3rd March 2021
Interview with Lorenzo Uribe
Why is Colombia debating cocaine regulation?
When a policy has failed over and over again during the past forty years, the natural thing to do is to reconsider that policy. The prohibition of the coca plant and cocaine in Colombia has not only failed to reduce the quantity of cocaine produced, it has also brought immense suffering to Colombians.
The production of cocaine in Colombia increased by more than 160% between 2008 and 2018, while the price and purity have stayed more or less constant. Thousands of people die each year (it has been estimated that there are 3,800 homicides per year in Colombia in relation to the war on drugs), it has cost billions of dollars (the money spent on coca eradication policies in Colombia between 2005 and 2014 is equivalent to 50 years of the annual budget for agriculture), it has displaced coca plantations to protected areas, contributing to 24% of the deforestation in 2017 and it is a major source of prison overcrowding (between 2005 and 2014, on average 9 people were arrested for drug-related crimes in Colombia every hour). Also, it has fueled corruption and political instability in the country for more than thirty years. It's time to try a different approach. If we want to change the current international approach to drugs policy it has to start from Colombia, one of the most - if not the most - affected country by the war on drugs. We have the moral responsibility and credibility to do it.
Who is responsible for the Bill and what has motivated them?
Senators Iván Marulanda, from the Green Party and Feliciano Valencia, from the Indigenous party MAIS, both belonging to opposition parties, are the main authors of the Bill. Before joining the Green Party, Iván Marlunda was part of a party called "Nuevo Liberalismo" whose main aim back in the 80s was to oppose the increasing influence of drug cartels in politics. As a result, most of its members were killed, including Luis Carlos Galán who was about to become president. Thirty years later, Iván Marulanda reached the conclusion that the only way to reduce the impact of drug trafficking on Colombia's society, institutions and the environment is through the regulation of the cocaine market. Given the importance the coca plant has for Indigenous communities but, also, the damaging impact the war on drugs has had on their territories and communities, Senator Marulanda approached Senator Valencia to accompany him in this project - something Senator Valencia accepted immediately.
What does this new cocaine regulation Bill propose?
The proposed Bill was based on Transform's three-tier regulation framework to regulate stimulants. The main idea is to have three types of regulatory levels depending on the risks of the products:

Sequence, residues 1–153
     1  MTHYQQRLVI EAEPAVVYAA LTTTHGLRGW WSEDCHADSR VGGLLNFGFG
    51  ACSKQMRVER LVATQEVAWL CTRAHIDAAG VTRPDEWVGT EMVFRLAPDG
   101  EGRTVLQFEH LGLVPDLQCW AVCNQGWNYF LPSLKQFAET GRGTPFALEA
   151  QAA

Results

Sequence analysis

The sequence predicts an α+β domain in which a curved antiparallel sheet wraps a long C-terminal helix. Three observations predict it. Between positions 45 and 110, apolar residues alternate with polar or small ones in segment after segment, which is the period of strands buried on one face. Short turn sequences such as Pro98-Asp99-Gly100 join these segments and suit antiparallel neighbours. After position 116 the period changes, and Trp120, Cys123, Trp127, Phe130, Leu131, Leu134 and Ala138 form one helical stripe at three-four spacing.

The first set of regulations would cover low potency or non-psychoactive products such as the coca leaf itself, as well as beverages, food and cosmetic products based on the coca leaf. These products would be subject to lighter regulation, similar to those already in place for similar products such as coffee, with private actors allowed to buy and sell these products more freely.
The second type of regulation would cover psychoactive products derived from the coca leaf that are used for recreational purposes, such as cocaine. Under this type or regulation, consumers would have to go through a medical check-up and register in a database before being allowed to buy a certain dose of cocaine in registered pharmacies. All types of advertisements and sponsoring would be forbidden and only adults would be allowed to purchase cocaine.
The third type of regulation would cover psychoactive products derived from the coca leaf that, due to their health consequences, would remain prohibited for sale, such as crack cocaine. However, use would not be criminalised and a harm reduction strategy adopted, ensuring that all problematic consumers can receive adequate social and medical treatment.
The harvest of coca plants and the production of cocaine would also be subject to a strict regulation. Coca plantations would be authorized only in the areas where coca is currently being grown, as long as they remain outside of the environmentally protected areas. This is to ensure that the regulation of this market benefits the areas and communities most affected by the war on drugs and prevent new actors with potential advantages from entering the market. In addition, only local farmers and Indingeous communities would be allowed to grow coca plants and would benefit from the technical and financial assistance of the State. The harvest would then be bought by the State who would sub-contract the transformation of the coca leaf into cocaine to research centers and pharmaceuticals.
What was your role in the Bill’s process?